3. Connecting more and more Jews to their Judaism - Hebrew language and culture provide avenues to reach out to the less affiliated through a cultural approach, rather than a purely religious orientation. We know that Hebrew song, dance, visual arts, and theatre have great capacity to build bridges to Jewish life even for the most unaffiliated.
4. Availability of marvelous Hebrew resources - The Montreal-based Tal Am Program is a valuable curricular resource for grades 1 - 7, while NETA focuses on middle school and high school (both funded by AVI CHAI). The Memorial Foundation for Jewish Culture is spearheading a Hebrew immersion effort in Bergen County NJ as a demonstration site focused on what is possible. CD’s of Israeli songs and DVD’s of Israeli TV shows and films abound, offering ready resources for our classrooms and for our parents. The widely popular elementary-age magazine BabagaNewz has recently added a Hebrew section as an additional resource, beyond the Hebraic texts found in the Teachers Guide.
5. Availability of Hebrew language classes - In most cities the classes are geared to individuals of different levels of proficiency. Almost every adult can make progress, thereby modeling for students both the value of Hebraic learning and the possibilities of making real strides in language fluency.
How Can a Day School Increase its Capacity to Deliver an Intensive and Ongoing Exposure to Hebrew by all Students?
1. Affirm the importance of Hebrew language in all statements of school mission and vision for the future. Get solid buy-in from all constituencies.
2. Focus on professional development for all staff who can potentially increase Hebrew exposure - Start with the administrators and work your way through faculty, assistant teachers, and anyone else. Create a Hebrew speaking faculty group to help improve Hebrew fluency among those staff who are feeling insecure. Underwrite the costs of faculty taking an Ulpan in Israel, or going to the 5-week summer Ivriyon - the intensive Hebrew summer program at JTS in New York City. Provide Hebrew tapes for faculty to increase exposure to Hebrew so that they can feel confident enough to conduct large segments of class in Hebrew.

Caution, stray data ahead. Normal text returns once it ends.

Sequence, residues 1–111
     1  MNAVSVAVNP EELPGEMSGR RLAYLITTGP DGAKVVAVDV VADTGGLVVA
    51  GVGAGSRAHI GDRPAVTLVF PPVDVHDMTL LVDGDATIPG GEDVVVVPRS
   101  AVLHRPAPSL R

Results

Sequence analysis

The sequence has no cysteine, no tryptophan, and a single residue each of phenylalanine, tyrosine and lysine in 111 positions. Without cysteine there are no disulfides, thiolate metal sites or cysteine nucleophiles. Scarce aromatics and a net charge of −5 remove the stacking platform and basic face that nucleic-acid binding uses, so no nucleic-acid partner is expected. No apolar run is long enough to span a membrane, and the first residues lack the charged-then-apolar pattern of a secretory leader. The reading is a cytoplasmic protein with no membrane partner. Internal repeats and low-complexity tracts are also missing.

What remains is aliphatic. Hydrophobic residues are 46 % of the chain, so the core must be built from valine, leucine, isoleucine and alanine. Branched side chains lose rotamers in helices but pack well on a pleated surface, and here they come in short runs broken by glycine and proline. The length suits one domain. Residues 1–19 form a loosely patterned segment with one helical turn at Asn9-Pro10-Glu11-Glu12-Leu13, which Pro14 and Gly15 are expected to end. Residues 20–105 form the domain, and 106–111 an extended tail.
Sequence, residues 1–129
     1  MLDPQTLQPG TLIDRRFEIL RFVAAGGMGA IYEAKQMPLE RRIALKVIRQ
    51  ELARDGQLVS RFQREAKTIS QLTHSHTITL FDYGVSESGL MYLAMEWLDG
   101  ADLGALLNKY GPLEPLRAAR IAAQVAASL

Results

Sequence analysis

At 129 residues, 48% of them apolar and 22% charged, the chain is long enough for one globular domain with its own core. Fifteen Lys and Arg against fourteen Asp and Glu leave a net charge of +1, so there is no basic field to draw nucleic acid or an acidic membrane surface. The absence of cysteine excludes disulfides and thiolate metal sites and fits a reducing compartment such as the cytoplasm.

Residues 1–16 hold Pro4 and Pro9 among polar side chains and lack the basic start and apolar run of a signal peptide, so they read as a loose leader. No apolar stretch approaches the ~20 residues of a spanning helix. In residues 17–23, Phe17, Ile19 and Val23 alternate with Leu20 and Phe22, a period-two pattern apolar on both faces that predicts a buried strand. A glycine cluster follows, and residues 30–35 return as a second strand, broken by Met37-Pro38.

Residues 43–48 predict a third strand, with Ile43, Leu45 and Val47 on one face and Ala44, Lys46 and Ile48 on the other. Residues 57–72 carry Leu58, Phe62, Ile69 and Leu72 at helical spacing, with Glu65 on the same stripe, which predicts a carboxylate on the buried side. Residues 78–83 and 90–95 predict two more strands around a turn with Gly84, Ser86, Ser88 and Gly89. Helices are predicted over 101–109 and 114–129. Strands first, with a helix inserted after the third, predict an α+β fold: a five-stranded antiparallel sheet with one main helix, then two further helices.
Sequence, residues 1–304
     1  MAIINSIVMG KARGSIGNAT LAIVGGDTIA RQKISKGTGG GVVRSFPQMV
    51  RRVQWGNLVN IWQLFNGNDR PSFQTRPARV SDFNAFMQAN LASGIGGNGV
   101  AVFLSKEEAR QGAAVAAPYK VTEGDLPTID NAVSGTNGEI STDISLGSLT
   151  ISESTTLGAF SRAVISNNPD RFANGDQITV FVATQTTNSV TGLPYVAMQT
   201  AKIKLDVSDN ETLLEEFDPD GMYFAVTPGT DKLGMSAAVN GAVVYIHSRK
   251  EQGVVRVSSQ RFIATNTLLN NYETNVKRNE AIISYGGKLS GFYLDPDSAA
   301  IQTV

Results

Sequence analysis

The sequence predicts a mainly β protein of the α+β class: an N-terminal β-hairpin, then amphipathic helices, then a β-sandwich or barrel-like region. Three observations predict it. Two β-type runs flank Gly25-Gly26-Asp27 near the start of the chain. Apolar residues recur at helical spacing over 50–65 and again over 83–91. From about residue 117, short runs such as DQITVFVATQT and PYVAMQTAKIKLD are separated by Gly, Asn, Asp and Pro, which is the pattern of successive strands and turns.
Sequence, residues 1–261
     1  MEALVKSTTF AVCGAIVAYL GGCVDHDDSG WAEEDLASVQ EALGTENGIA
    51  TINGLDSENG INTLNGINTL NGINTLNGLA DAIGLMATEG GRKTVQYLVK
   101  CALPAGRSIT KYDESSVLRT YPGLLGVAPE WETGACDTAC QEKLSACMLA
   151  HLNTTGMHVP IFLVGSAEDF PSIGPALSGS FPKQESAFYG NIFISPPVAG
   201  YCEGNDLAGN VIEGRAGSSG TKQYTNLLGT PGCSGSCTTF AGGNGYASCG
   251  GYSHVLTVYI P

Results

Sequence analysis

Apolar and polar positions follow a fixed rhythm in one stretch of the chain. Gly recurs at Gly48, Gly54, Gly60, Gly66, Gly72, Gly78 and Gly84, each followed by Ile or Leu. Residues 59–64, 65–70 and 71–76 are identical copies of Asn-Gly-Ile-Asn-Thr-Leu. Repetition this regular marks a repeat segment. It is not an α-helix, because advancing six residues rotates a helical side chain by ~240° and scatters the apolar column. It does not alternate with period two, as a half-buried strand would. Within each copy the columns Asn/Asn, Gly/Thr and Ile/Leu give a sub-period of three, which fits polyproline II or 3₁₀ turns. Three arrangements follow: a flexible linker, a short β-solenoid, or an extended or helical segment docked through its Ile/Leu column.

3. Use and showcase Hebrew at all public events and activities and in public spaces - These include assemblies, milestone events, graduations, lobbies, letterhead, etc. Playing Hebrew background music at selected times (so as not to interfere with class time) is also a great way to infuse Israeli/Hebraic culture into our day schools.
Shalom Spiegel wrote in his seminal work, Hebrew Reborn, in 1930: “The power of language can scarcely be gauged. Language is more than language. Within language lie the concealed magic forces of nature and history, a heritage of emotions, habits of thoughts, traditions of taste, inheritances of will - the imperative of the past. It is impossible to measure the power and influence of all this upon the soul, upon its consciousness and upon its subterranean strata.”
In this spirit, I challenge you to consider and implement strategies so that your school and the day school movement as a whole can tap those “magic forces of nature and history” toward a true Jewish and Hebraic renaissance. Our language is precious and challenging, but is also accessible and beckoning. Let’s seize the opportunities before us.
L’hatzlaha! Hoping for success!
* This article originally appeared in the November 2005 “Views from Josh Elkin” published by PEJE